Yours in collaboration,
Mary McGuinness, Director WLP-OD
Today’s Learning Showcase will feature from the Office of the Mission and Values: The Name Above the Door
The Name Above the Door: the meaning of mission at DePaul
Georgianna Torres Reyes and Scott Kelley from the Office of Mission and Values will present a number of events, activities, and resources that enhance participant understanding of mission at the DePaul Learning Showcase on Wednesday, June 13, 2012 from 4-6 pm in the DePaul Central Concourse.
Some at DePaul may not be very familiar with the “name above the door” that provides a sense of shared history and a common sense of mission that, in turn, often shapes the strategic direction of the university and various departments within it. As DePaul continues to hire the most qualified professionals in their respective fields, there is a constant need to introduce, orient, educate, and develop leadership capacity with regard to the meaning of the mission.
In response to the ongoing demand to enhance understanding of “the name above the door,” the Office of Mission and Values offers a number of opportunities for faculty and staff to engage the mission in various ways. One of the most popular opportunities for mission engagement is the Vincentian Heritage Tour , where participants literally walk in the footsteps of Vincent de Paul and Louise de Marillac – in Paris. For those in administration with leadership responsibilities, there is an intensive cohort called the Vincentian Mission Institute, offered in collaboration with two other Vincentian universities, St. John’s and Niagara. In addition to these intensive experiences, there are a number of other opportunities to learn more about the meaning of mission: through “salon” based discussions sponsored by the Catholic Intellectual Tradition series , through a Vincentian lecture series , and through a significant collection of digital resources available at the All Things Vincentian online portal. For those who have an idea for an exciting new pilot project or proposal that would enhance mission at DePaul in some way, there is also seed funding through the Vincentian Endowment Fund .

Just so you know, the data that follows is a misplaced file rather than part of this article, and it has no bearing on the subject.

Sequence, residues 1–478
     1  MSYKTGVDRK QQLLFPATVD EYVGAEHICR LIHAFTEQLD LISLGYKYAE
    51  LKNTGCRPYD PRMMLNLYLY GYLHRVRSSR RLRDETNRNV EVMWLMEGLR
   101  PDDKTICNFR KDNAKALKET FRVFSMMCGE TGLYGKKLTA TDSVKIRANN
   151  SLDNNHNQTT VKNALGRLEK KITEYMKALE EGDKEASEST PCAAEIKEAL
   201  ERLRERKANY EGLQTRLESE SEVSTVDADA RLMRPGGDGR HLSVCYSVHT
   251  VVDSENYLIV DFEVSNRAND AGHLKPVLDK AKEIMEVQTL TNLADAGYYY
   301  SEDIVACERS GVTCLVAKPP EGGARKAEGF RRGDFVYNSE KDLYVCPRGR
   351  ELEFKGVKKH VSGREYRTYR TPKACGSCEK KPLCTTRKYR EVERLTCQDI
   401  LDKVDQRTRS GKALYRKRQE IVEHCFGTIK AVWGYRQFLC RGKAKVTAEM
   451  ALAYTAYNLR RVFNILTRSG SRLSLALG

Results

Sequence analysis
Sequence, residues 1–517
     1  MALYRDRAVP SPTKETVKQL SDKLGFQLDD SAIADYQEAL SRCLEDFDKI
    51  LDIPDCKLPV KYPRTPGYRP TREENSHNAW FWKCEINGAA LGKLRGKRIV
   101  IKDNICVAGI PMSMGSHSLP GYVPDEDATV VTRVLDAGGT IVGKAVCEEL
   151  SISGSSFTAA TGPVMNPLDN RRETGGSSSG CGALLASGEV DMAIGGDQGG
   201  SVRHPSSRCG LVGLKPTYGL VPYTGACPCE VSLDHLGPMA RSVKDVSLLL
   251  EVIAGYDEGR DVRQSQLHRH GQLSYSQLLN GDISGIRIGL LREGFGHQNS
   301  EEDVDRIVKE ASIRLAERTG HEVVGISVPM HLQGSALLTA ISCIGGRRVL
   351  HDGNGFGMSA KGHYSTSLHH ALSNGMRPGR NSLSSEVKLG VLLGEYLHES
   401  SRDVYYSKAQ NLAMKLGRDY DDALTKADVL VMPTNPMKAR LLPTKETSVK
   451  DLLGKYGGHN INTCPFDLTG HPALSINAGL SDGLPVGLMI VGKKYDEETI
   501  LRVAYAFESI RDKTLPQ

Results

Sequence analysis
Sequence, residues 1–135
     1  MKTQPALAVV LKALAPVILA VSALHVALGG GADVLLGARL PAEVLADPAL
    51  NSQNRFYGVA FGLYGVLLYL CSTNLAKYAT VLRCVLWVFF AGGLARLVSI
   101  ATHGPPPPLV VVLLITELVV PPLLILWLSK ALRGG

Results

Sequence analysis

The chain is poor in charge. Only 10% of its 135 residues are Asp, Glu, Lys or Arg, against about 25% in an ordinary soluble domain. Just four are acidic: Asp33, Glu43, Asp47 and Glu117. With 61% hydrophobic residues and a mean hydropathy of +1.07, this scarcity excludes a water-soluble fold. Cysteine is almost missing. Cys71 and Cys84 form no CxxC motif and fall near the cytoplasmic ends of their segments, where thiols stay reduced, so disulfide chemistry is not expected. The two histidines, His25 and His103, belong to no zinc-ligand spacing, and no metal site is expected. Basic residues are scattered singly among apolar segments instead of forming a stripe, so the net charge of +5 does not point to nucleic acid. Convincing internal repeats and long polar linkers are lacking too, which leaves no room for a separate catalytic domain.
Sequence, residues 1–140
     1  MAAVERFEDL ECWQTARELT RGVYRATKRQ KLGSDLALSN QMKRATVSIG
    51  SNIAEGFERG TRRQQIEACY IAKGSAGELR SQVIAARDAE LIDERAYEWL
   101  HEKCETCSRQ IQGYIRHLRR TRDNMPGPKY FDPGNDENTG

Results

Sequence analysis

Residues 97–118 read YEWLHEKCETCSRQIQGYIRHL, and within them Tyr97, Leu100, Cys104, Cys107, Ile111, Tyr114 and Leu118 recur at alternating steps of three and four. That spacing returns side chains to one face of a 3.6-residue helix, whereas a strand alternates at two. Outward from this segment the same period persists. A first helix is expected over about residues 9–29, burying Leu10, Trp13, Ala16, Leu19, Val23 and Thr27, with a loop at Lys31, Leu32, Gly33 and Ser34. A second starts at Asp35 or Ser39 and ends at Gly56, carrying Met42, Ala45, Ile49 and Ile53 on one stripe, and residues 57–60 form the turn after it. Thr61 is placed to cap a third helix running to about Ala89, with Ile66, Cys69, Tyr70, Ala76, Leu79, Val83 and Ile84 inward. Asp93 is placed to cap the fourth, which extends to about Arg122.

If you can’t remember all of these opportunities, don’t worry. Just remember to visit us at mission.depaul.edu as your one stop shop for all things mission at DePaul. You can even sign up for our periodic email updates if you want to stay connected.
University Libraries First Fridays Committee will be presenting today at the DePaul Learning Showcase in the DePaul Center Concourse from 4-6 pm! Stop by to see how this committee is helping to bring professional development opportunity to library staff members!
The Library First Fridays Steering Committee (a subdivision of the Staff Development Committee) was created in 2006. Its objective is to provide professional development opportunities, networking opportunities, and event management opportunities for library staff members.
The Library First Fridays Steering Committee typically holds 1-2 events per quarter. First Fridays meetings start with an open forum for discussion and then a training session. Brown Bag Lunches are typically roundtable sessions discussing information related to DePaul or the library science field.
This academic year, the Library First Fridays Steering Committee has organized events on being a fearless leader, mastering supervisory skills, learning basic yoga, and discussing conferences recently attended. On average, attendance at these events has averaged over 40% of the library full-time staff.
Library staff members seem to have benefitted from attending First Fridays events. Some staff members have enjoyed the opportunity to interact with colleagues from different departments. Other staff members have commented that First Fridays events have covered a wide array of topics and have helped them in their day-to-day work.
Click here to register for The DePaul Learning Showcase!